CROWDS DIG DAVE BAUTISTA. During his run as a WWE pro wrestler, the six-time champion got pretty hooked on hearing the roar of 70,000 fans. His ears are still ringing. “Nothing will replace that electricity,” says Bautista, who stepped away from the sport (aside from some cameos) in 2012. In his unlikely second act, Bautista has found himself a Hollywood heavyweight—literally—a 6’6″, 270-pound star known for playing the soulfully deadpan Drax the Destroyer in Marvel films like Guardians of the Galaxy and The Avengers: Infinity War. Between the wrestling and Comic-Con crowds, Bautista is now recognized instantly in airports and health food stores across the planet. So you might think that after a pandemic year lying low in his Tampa, Florida, home, the dude might be itching to get back in the mix. To jump back into being adored, you know?
Not quite. “This is like, my jam!” says Bautista. “Quarantine is my shit. I’m socially awkward. I miss going to movie theaters and taking my family to baseball games, but I don’t mind being alone.”
Bautista won’t be alone for long. On May 21, he plays a mercenary in the zombie heist flick Army of the Dead, a big-budget summer movie on Netflix from director Zack Snyder (300). In October, Bautista stars in the sci-fi blockbuster Dune as the sadistic villain Glossu Rabban, reuniting with director Denis Villeneuve (Blade Runner 2049). And later this year, he’ll don Drax’s greenish-blue makeup again to shoot Guardians of the Galaxy 3. Safe to say that millions of eyeballs will be on Bautista in the coming months. So how’s he been spending each day while waiting for the world to reopen? We checked in.
EVERY DAY IS A GOOD DAY
The alarm doesn’t ring in the Bautista household until about 9:30. That makes sense, perhaps: “I tend to get into things on the later side,” he says. Bautista spent his 20s as a bouncer, didn’t start wrestling until he was 30, and didn’t find success as an actor until he was already into his 40s, when Guardians director James Gunn took a gamble. “Guardians changed the trajectory of my life. It gave me a new start. It stripped away everything that I had in wrestling and let people see me as an actor. I was broke. My house was foreclosed on. I had just lost everything. I was barely working. I couldn’t get auditions.” Point being: Bautista, most days, wakes up in a pretty good mood. “Because I had fortune so late in life, I never take anything for granted,” he says.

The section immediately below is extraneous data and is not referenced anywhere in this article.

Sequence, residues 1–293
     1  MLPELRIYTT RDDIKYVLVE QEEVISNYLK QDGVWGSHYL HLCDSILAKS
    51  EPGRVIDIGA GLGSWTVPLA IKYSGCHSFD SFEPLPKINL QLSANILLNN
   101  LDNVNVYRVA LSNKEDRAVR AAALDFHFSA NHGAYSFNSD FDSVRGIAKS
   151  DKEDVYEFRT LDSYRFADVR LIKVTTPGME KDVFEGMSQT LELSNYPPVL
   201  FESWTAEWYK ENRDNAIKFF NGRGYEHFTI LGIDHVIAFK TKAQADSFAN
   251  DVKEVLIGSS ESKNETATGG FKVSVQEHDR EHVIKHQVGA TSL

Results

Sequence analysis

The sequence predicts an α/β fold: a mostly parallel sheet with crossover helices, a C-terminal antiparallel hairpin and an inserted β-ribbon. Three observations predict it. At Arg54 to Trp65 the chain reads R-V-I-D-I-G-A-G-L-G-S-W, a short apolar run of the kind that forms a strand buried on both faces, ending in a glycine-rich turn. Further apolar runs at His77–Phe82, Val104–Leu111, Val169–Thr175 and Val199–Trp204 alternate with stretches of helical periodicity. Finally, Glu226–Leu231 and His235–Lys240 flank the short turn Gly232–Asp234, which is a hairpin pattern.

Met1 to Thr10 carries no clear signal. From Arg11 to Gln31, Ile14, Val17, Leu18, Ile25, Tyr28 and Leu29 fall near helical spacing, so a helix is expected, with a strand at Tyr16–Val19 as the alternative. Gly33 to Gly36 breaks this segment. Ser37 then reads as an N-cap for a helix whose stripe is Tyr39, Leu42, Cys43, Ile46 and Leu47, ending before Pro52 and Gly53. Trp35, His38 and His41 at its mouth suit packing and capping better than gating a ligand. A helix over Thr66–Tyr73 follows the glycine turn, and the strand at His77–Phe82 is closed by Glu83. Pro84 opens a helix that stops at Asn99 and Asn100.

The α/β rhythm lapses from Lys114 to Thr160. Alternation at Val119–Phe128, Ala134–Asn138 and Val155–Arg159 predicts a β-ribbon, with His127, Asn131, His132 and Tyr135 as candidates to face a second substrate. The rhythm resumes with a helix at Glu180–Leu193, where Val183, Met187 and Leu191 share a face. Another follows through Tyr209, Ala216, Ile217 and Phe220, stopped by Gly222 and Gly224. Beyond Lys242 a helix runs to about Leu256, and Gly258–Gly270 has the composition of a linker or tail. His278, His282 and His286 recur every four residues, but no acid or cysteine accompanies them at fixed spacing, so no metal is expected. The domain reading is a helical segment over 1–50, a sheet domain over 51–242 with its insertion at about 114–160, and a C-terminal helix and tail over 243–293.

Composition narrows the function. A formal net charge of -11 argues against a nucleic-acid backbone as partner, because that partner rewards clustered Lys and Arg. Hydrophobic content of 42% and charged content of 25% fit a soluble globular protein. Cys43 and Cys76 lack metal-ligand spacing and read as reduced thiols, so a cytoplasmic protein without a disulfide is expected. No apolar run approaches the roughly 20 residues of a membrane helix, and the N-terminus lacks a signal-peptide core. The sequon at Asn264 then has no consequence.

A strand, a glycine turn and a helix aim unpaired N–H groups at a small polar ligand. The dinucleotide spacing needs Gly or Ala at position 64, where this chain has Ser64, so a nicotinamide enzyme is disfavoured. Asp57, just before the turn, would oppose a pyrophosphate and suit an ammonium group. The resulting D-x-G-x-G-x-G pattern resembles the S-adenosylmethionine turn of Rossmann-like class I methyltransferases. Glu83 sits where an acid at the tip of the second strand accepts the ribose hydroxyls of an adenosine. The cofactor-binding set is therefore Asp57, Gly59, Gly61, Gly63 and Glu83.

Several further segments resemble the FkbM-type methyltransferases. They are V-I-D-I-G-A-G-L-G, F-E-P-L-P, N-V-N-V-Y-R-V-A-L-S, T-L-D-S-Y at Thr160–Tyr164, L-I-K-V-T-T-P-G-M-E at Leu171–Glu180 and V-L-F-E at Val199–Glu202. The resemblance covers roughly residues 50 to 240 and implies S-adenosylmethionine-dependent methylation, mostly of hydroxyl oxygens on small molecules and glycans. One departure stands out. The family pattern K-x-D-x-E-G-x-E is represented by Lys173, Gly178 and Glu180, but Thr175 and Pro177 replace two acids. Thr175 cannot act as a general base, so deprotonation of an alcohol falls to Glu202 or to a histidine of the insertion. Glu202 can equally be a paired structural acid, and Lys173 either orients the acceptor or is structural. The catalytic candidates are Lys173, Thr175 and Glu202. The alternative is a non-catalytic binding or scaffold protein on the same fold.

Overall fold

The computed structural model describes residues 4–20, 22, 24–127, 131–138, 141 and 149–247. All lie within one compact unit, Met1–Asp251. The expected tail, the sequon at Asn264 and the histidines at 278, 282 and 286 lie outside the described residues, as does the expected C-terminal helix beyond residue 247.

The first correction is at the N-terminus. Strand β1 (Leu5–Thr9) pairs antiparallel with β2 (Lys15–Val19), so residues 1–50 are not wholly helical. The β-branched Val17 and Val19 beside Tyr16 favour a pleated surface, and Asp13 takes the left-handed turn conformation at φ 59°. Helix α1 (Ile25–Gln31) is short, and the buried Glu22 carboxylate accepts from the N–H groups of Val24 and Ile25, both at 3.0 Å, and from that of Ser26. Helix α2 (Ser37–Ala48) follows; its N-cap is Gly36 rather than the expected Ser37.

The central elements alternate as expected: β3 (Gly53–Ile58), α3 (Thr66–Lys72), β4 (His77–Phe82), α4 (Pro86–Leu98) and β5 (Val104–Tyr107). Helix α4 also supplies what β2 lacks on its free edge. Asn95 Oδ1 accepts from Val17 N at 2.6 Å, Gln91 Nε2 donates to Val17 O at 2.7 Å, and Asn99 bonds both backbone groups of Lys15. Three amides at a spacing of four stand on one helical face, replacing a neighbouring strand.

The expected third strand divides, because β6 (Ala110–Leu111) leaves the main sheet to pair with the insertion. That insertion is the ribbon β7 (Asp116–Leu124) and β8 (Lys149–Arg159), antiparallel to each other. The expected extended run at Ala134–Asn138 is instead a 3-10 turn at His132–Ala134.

HEADS OF THE HOUSEHOLD
The first matter of business: letting the dogs out. Maggie and Ollie are six-year-old pit bull mixes Bautista rescued a year-and-a-half ago. It’s Maggie and Ollie’s mansion, essentially; they’re just letting Dave crash there. “They’re just completely unruly,” Bautista laughs. “They’re 65 pounds each, and are constantly slamming into this or that. They play rough. I have to immediately open the door to let them outside to snarl at each other or bite at each other’s faces, that kind of thing.” They’re enough of a challenge, Bautista says, that most days, a dog trainer visits the house, or Bautista tries playing the role of one. “It works…sometimes.”
FEELING THE PUMP
Next, the dogs join him at his private gym a few miles down the road. “The reason I look this way is a side effect of my mental issues,” says Bautista. “Working out is therapeutic for me. You know how some people might feel better after a good cry, or from sitting on the couch at the therapist? That’s working out for me. I’m just fucked in the head. I saw too many dead bodies growing up in Washington, D.C., when I was a kid. I need to train or I have bad visions.” Unlike you and me, Bautista has to try not to lift too much. “I pack on muscle too easily. I can look ridiculous on film because I’m usually so much bigger than the people I’m working with. So I don’t do anything super-fancy: assault bike, speed bag, flipping tires.”